2. Alert the Social Security Administration – Let them know that the recipient has passed away and to lock their number. This would prevent someone from filing a change of address form and changing the account number where benefits would be received.

3. Reach out to the three major credit reporting agencies – By contacting the credit reporting agencies, you can ask for a freeze to be placed on your loved one’s credit report. This should effectively prevent anyone from opening a new line of credit or making a large purchase.

4. Keep documentation secure – It’s horrible to think that someone close to you would try to take advantage of this awful situation, but it does happen. Money troubles can make people do desperate things. Be very careful if someone asks too many questions, wants to view documents, insists on accompanying you to the bank or Social Security Administration, etc.

5. Continue to monitor your loved one’s identity – There are websites where you can check to see if an SSN has been used or identifying information has been stolen. Also remember that junk mail and unshredded documents are prime sources of identity theft. If any strange bills or statements arrive in the mail, don’t disregard them without investigating them further.

Contact the Identity Theft Resource Center for toll-free, no-cost assistance at (888) 400-5530. For on-the-go assistance, check out the free ID Theft Help App from ITRC.

Read next: Is Your Bluetooth Tracking You?

At one point not too long ago, the IRS was reportedly issuing billions of dollars each year in fraudulent tax refunds filed by identity thieves. Thankfully, with better information and new regulations to help curb this problem, improvements have already been made. That doesn’t mean there isn’t still a long way to go towards fighting back against tax return fraud.

One of the chief issues the agency faces is simply the sheer volume of compromised taxpayer records that are floating around, available for identity thieves to purchase and use. Record-setting numbers of data breaches have resulted in hundreds of millions of consumer records exposed, ready to be used by the original thieves or those who buy them online.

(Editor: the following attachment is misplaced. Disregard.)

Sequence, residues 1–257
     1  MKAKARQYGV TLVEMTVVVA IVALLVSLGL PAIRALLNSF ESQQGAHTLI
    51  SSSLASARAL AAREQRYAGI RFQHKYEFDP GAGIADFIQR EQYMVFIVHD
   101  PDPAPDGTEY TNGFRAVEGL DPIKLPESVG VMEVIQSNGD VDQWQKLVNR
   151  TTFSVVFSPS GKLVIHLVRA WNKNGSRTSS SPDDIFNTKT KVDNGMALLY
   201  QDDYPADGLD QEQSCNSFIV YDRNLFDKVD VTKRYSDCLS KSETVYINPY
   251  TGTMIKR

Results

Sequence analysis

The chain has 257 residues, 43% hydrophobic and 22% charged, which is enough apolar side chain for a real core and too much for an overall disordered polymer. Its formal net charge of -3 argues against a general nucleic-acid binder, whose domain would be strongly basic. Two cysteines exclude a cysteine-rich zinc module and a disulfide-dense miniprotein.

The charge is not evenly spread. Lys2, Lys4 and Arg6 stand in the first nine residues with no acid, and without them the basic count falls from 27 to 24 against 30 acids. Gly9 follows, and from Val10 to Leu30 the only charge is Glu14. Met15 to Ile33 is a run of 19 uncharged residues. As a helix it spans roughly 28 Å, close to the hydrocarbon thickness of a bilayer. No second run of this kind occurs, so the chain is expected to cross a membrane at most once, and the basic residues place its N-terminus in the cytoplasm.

Part of the effort to stem the flow of fraudulent refunds has meant slowing down the process significantly. Of course, we all want to receive a speedy refund that gets automatically deposited into our bank accounts, but that level of efficiency means it’s even easier for thieves to get to your money first. By automatically flagging certain returns for review—especially ones that use some of the more common standard deductions like dependent children or child care expenses—the agency hopes to block even higher numbers of phony refunds.

At the same time, the IRS is also taking a close look at its own mechanisms, namely its websites and taxpayer-centric user portals. The anonymity of the internet makes committing this kind of fraud even easier, and by finding ways to lock down their sites for better verification of taxpayer identities, the IRS hopes to stop even more fraud.

Contact the Identity Theft Resource Center for toll-free, no-cost assistance at (888) 400-5530. For on-the-go assistance, check out the free ID Theft Help App from ITRC.

Read next: Is Your Bluetooth Tracking You?

With the record-setting numbers of data breaches and compromised consumer records, you might think becoming a victim is inevitable. If you can’t control whether or not someone breaks into a major network or leaves a vast database of customer data unsecured online, then you can’t control things like identity theft, either…right?

Not exactly. Obviously, preventing large-scale data breaches is out of the consumers’ hands, and there are treasure troves of stolen credentials available to criminals on the dark web. But that kind of activity isn’t the only way that individuals’ information is leaked online. Sometimes, our everyday tech behaviors can put our personal identifiable information and financial information at risk of theft.

Data Privacy Day (DPD), officially hosted the National Cybersecurity Alliance is an international effort held annually on Jan. 28 to create awareness about the importance of respecting privacy, safeguarding data and enabling trust.

There is perhaps no better way to kick off your new year than by taking part in the various events surrounding this important day. You can get involved by sharing content with a local group at a community center, get a better understanding of the issues, or simply setting aside some time in your day to take stock of your own cybersecurity strengths and weaknesses.

Of course, you don’t have to wait to begin working towards better data protection. You can start right now with things like:

Some things might be out of your hands, but that doesn’t mean throw in the towel. Your information very well could be “out there,” but getting a good sense of your data privacy and protecting it to the best of your ability can reduce your risk of additional cybercrimes.

For more information, check out the full Data Privacy Day resource guide by the NCSA.

Contact the Identity Theft Resource Center for toll-free, no-cost assistance at (888) 400-5530. For on-the-go assistance, check out the free ID Theft Help App from ITRC.